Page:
Coast Liquor Remodel, New Cafe Get OK from Laguna Beach City Council

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An architect’s rendering of a potential new look for Coast Liquor. Courtesy of Marshall Ininns Design Group

The Laguna Beach City Council approved the remodel of the historic Coast Liquor store and an adjacent cottage linked to the 1932 Olympic Games on Tuesday.

The project’s approval marks the second win in two months for Chris Dornin, president of Dornin Investment Group, who obtained a green light from the City Council for a remodel of the Coast Inn in July. The California Coastal Commission has already received an appeal request on the Coast Inn and its likely Coast Liquor will face the same hurdle.

Dornin’s plans for Coast Liquor did not sail through the city unchanged. The City Council rejected a proposal for a new 2,500-square-foot office in a basement that faces Gaviota Drive, saying it should be limited to storage. Councilmembers also refused to let the developer light a black-lettered “Beverages” sign on top of the building that will be rebuilt as part of the historic restoration.

“It’s just too much. You can’t get everything you want all the time,” Mayor Bob Whalen said.

The approved plan includes a 1,220-square-foot liquor store and a 1,4510-square-foot Better Buzz Coffee shop at 1391 S. Coast Hwy. The project would also add outdoor tables and chairs for 28 people adjacent to the sidewalk.

“I think the cafe is going to be a great community amenity,” Whalen said.

After much debate, the City Council agreed to follow the Planning Commission’s recommendation for the developer to restore the original stained redwood finish to the building’s exterior as depicted in a historic postcard.

“We are pleased with the outcome and although we preferred the grey, white and black color scheme we are happy that council went 100% historical and included the signage with the redwood color,” Dornin wrote in an email Wednesday. “We think the staff, specifically Anthony [Viera] and Marc [Wiener] did an excellent job of articulating the project, its history, and responding to the council and public.”

Dornin is planning to re-stripe the surface parking lot off of Mountain Road to accommodate 13 parking spaces, instead of the existing 11 spaces. The addition of a cafe without also providing more off-street parking for its customers and employees has been a major issue of concern for neighbors.

In return for restoring the Chris Abel-designed Mid-Century modern liquor store and the Olympic cottage to their historic appearance, the City Council agreed to a 54% reduction in the on-site parking requirements.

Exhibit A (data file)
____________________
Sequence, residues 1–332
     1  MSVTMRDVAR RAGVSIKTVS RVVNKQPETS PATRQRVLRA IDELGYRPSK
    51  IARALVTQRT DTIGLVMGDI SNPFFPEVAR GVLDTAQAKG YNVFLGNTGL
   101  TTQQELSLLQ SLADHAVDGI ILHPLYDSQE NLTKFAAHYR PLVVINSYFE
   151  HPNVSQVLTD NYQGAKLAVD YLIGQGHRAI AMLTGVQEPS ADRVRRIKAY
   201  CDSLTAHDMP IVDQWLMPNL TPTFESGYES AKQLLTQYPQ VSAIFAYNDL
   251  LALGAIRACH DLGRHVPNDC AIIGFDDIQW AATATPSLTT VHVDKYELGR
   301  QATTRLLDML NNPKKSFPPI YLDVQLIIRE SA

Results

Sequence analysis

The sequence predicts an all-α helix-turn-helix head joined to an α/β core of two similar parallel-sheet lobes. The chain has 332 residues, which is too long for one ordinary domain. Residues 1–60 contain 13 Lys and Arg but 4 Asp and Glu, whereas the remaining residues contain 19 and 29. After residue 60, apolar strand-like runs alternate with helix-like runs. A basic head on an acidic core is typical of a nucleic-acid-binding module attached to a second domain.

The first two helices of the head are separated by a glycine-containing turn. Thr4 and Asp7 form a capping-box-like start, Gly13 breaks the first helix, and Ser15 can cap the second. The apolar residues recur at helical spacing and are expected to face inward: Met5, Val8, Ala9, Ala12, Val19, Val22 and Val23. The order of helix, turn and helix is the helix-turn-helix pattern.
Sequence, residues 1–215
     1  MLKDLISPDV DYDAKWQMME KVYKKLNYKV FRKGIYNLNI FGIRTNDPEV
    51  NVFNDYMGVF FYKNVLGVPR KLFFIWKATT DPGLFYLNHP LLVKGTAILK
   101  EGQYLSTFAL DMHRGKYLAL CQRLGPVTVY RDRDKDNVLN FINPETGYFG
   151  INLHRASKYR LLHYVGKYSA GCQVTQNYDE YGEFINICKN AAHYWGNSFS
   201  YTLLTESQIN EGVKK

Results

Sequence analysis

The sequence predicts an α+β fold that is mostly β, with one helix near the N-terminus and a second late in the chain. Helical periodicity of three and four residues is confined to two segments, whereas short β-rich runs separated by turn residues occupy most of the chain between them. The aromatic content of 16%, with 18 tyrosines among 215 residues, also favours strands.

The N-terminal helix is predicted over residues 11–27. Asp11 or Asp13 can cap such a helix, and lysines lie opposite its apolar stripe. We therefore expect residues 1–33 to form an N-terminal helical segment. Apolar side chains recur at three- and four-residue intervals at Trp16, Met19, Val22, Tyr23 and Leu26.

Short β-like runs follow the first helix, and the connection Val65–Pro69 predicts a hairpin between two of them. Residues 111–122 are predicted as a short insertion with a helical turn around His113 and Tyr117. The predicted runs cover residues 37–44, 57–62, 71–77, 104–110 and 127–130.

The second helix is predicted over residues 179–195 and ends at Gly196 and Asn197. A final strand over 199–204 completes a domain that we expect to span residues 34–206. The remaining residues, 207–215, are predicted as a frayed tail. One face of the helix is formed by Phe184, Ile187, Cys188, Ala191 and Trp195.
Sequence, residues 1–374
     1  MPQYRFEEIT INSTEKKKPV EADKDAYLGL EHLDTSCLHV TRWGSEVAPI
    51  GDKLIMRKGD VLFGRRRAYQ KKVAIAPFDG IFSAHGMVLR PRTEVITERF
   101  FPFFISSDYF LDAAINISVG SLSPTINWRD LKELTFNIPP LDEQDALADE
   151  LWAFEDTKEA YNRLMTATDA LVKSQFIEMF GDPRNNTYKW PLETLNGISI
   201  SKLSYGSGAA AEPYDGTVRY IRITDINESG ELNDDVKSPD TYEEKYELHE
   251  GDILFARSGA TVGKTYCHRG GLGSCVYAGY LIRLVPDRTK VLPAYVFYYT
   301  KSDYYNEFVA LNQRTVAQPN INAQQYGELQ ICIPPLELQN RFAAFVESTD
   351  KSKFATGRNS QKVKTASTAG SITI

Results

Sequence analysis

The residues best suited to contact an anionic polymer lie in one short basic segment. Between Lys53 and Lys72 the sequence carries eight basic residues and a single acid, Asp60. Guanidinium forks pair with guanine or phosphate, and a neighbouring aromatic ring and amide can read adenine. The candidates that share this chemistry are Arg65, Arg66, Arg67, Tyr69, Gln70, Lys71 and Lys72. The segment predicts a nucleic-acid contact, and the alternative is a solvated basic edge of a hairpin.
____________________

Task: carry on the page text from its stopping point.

Councilmember Sue Kempf suggested that not every customer at Better Buzz and Coast Liquor would need a parking space.

“I used to live on Catalina and I would park my car [at home] and walk everywhere. It’s a good lifestyle down there,” Kempf said.

Even though the Coast Inn and Coast Liquor are legally separate, a group of residents including Gaviota Drive homeowners has complained that city leaders failed to understand the totality of both projects’ impacts on traffic, parking, light pollution, and trash collection.

“It’s hard to believe there’s not going to be cumulative neighborhood impact when you consider the Coast Inn has an occupancy of more than 700 restaurant and hotel guests and employees,” Gaviota Drive resident Terry Meurer said.

Jeffrey Redeker, a Laguna Beach resident and commercial banker, said he liked the building’s design and that it will reenergize a vacant corner.

“Being that I live on Oak Street—right down the street from this—I look forward to patronizing the businesses that are going to be there. It’s going to be great rather than having an empty liquor store right in front of an old adult video store,” Redeker said.

The meeting took a dark turn later in the meeting when Councilmember Toni Iseman started talking about how she lived in the neighborhood and believed she was the most representative of its residents. An unknown male voice cut into the Zoom call, clearly saying “bitch.”

An incredulous Kempf asked, “What was that?”

“I didn’t get all of it but it didn’t sound like a very nice comment that was made so someone may owe an apology here,” Whalen said.

The City Council then continued its discussion. After the 4-1 vote—Iseman was the lone dissenter— she addressed the offensive comment from earlier in the meeting

“I know I heard at least ‘bitch,’ and I think I recognize the voice,” Iseman said. “I’m asking the city to … give me the clip of that voice and I will have it analyzed.”

She also asked the comment be included in the minutes and the speaker identified by the next council meeting.

Members of the public typically have to be unmuted by the City Clerk before they can speak during Zoom meetings. A select group of panelists that includes councilmembers and city staffers can unmute themselves. It doesn’t appear that Iseman suspects a city official of using the slur.

“Regarding the inappropriate comment that was overheard while Toni was speaking, I can only hope it was a result of some random Zoom bombing or an inadvertent comment that wasn’t specifically directed towards her,” Dornin wrote in an email. “If it wasn’t, I hope whoever it was apologizes and addresses this directly with her.”

This story is developing and will be updated as necessary.

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